Parachromis motaguensis is a big, predatory cichlid native to Central America. Just like the other members of the genus Parachromis, it is often referred to as Guapote fish. Parachromis motaguensis is one of the most commonly kept Guaoptes, chiefly thanks to the very beautiful coloration worn by breeding specimens. Its common name in English is “Red Tiger Cichlid”, a name derived from the look of the breeding females. The species is also known as False yellowjacket cichlid.
Parachromis motaguensis can be found along the Atlantic slope of Guatemala and Honduras (in the Motagua River basin) as well as along the Pacific slope of Guatemala and Honduras from Rio Naranjo River to Rio Choluteca. It inhabits both lakes and rivers and prefers the moderate to fast flowing waters of the lower and middle river valley sections. Their natural habitat is usually filled with rocks and fallen trees and mimicking such conditions in the aquarium is recommended.
Parachromis motaguensis can adapt to most water conditions as long as you avoid the extremes. The water in their native habitat is relatively soft but alkaline, from pH 7.0 to 8.0. The water hardness normally stays in the 9-20 dH range. The recommended water temperature in the aquarium is 25 – 30°C, but wild specimens have been found in waters where the temperature sometimes drops down to 20°C.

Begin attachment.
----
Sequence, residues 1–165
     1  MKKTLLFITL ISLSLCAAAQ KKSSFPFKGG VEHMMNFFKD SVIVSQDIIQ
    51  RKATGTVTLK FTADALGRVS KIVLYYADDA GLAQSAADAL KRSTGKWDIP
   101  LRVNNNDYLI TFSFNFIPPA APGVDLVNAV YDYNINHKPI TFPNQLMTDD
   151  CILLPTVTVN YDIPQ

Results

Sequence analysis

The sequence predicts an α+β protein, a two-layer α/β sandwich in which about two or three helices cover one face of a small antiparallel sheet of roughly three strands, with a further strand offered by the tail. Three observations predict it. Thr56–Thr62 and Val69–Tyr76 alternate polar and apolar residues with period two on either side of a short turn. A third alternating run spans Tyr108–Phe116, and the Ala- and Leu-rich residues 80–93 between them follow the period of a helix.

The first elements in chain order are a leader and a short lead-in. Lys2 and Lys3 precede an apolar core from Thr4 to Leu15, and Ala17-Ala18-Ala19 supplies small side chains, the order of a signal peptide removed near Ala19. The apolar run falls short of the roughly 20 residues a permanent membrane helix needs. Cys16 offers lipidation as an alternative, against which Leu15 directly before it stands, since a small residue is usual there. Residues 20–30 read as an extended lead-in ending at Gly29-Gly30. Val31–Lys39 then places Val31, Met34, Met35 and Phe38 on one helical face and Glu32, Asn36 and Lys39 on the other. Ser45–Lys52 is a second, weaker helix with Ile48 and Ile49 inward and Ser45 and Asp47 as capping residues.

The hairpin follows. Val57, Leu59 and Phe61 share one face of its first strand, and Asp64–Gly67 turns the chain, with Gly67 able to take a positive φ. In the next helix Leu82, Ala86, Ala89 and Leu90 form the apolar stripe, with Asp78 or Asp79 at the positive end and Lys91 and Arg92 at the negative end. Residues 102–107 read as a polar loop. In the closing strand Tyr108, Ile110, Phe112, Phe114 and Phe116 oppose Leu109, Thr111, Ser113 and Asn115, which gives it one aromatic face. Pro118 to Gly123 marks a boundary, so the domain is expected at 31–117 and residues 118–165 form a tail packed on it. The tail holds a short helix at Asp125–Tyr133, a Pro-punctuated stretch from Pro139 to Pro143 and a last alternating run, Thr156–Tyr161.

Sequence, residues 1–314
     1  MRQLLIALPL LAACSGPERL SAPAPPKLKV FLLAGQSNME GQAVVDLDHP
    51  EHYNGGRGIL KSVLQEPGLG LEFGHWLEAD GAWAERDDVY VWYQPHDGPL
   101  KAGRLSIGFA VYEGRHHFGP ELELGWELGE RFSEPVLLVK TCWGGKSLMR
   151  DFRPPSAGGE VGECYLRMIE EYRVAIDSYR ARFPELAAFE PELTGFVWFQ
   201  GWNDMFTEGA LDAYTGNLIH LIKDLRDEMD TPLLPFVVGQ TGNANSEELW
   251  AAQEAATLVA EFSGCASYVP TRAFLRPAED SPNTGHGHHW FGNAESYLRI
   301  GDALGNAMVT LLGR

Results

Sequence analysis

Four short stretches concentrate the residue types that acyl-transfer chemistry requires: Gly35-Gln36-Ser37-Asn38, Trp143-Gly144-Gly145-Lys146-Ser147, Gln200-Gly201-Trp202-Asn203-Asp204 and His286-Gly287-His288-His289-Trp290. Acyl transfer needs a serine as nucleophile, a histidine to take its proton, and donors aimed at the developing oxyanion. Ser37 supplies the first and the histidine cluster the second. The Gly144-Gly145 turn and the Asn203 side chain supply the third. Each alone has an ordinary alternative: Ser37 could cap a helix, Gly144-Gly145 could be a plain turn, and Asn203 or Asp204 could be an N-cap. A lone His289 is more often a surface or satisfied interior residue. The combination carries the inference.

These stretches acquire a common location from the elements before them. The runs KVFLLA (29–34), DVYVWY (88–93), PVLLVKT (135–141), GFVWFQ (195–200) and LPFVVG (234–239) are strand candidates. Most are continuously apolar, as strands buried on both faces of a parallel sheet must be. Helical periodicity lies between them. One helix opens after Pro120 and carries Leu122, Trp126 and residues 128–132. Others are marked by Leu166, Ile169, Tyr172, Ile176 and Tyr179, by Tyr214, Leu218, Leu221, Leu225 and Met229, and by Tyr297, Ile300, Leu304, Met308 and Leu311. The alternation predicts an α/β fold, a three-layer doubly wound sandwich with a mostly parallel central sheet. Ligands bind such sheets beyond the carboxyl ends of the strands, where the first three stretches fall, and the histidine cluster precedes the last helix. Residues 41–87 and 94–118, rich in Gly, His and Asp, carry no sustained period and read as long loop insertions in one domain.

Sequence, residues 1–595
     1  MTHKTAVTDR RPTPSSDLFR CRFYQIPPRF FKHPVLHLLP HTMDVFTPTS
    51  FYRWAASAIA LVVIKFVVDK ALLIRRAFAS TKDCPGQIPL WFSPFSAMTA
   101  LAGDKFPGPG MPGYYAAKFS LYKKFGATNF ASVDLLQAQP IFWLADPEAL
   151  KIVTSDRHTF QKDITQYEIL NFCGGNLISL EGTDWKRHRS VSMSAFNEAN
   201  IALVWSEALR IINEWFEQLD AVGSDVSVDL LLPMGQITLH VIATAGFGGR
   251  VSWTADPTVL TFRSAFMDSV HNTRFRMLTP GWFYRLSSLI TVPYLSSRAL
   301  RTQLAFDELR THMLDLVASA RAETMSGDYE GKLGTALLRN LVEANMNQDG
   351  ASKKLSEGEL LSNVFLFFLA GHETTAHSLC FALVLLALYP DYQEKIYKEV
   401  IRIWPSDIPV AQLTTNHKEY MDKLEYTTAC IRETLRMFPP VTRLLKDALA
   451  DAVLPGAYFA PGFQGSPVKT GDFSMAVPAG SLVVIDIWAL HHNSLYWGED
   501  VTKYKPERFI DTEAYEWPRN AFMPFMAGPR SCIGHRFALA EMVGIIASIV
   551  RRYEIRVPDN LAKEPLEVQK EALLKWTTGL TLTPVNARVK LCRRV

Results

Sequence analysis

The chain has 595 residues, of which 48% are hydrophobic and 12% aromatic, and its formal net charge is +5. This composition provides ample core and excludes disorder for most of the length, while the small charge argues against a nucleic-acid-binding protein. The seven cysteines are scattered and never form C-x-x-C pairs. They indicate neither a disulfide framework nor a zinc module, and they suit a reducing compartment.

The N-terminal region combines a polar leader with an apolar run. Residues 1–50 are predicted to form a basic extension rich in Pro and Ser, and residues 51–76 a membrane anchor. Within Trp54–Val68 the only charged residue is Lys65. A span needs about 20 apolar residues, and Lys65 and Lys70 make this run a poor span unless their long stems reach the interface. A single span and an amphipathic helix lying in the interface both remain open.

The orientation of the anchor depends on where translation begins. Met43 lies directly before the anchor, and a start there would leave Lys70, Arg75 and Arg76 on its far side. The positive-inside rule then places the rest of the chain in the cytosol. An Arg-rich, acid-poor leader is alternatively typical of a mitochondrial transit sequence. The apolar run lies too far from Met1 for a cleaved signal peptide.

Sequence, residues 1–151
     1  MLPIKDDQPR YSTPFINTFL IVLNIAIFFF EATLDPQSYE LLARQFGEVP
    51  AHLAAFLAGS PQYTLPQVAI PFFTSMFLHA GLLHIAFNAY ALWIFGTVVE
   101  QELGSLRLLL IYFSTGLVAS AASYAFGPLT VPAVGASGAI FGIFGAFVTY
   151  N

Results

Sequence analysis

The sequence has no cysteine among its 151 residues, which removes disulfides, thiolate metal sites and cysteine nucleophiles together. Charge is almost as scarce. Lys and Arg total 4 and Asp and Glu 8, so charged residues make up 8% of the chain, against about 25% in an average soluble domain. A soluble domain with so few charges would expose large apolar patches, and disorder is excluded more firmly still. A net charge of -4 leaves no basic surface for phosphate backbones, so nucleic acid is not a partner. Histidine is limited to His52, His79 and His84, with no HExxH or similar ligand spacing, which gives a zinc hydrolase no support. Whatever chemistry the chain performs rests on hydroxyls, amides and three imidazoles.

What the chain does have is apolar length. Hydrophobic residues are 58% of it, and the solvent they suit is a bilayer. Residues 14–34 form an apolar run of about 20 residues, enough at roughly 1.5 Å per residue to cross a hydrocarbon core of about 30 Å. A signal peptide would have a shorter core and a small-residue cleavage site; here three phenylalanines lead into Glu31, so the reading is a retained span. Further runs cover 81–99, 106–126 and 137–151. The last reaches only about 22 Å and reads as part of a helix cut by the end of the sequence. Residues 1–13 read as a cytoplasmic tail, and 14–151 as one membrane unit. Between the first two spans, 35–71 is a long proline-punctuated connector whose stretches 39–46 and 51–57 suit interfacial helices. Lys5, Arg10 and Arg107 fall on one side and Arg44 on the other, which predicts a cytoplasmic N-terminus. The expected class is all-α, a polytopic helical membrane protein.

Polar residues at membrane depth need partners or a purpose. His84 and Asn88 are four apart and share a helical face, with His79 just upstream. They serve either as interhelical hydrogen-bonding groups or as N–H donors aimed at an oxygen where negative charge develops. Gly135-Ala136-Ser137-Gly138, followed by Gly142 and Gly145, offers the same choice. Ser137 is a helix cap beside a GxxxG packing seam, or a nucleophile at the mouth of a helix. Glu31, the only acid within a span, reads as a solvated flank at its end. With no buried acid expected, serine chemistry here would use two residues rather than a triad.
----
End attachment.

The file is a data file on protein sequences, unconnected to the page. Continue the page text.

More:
Parachromis motaguensis is a comparatively sturdy fish when it comes to nitrogenous waste, but poor water quality will still have a detrimental effect on their growth rates and increase the risk of disease. Changing 50% of the water once a week is recommended.
Wild Parachromis motaguensis feed on fish (especially small cichlids and livebearers) and aquatic and terrestrial insects. They are less piscivores than their bigger relatives from the genus Parachromis.
Breeding Parachromis motaguensis
Dealing with aggression is one of the hardest aspects of breeding Parachromis motaguensis. An established couple will fight other fish violently, and they can also turn on each other. Plenty of hiding spots are a must and you should be ready for emergency evacuations. During the breeding period, both sexes will develop stronger colors and display in front of each other. They can for instance flare their gills, lock jaws and charge each other.
The female can produce several hundred eggs during her first spawning. Older females that have spawned several times can produce an excess of 2000 eggs per batch. The eggs are beige, roughly 2 mm in diameter and will normally hatch within 72 hours. After another four days, the fry will become free swimming. You can feed the fry newly hatched brine shrimp. As they grow bigger, large brine shrimp can be combined with Tubifex worms, and you may even be able to make them accept prepared foods. Keeping them on prepared food alone is however not recommended.
Parachromis motaguensis couples are normally devoted parents and should be allowed to raise their young ones. They will protect both eggs and newly hatched fry from any other fish. The female stays close to the batch while the male guards the surrounding territory from any intruders. If you put your hands in the aquarium, e.g. to carry out maintenance, the male will not hesitate to bite you. He can even jump out of the aquarium to attack, but not stress him by provoking assaults. If the male attacks you each time your try to feed the fry, you may have to move the fry to their own aquarium.
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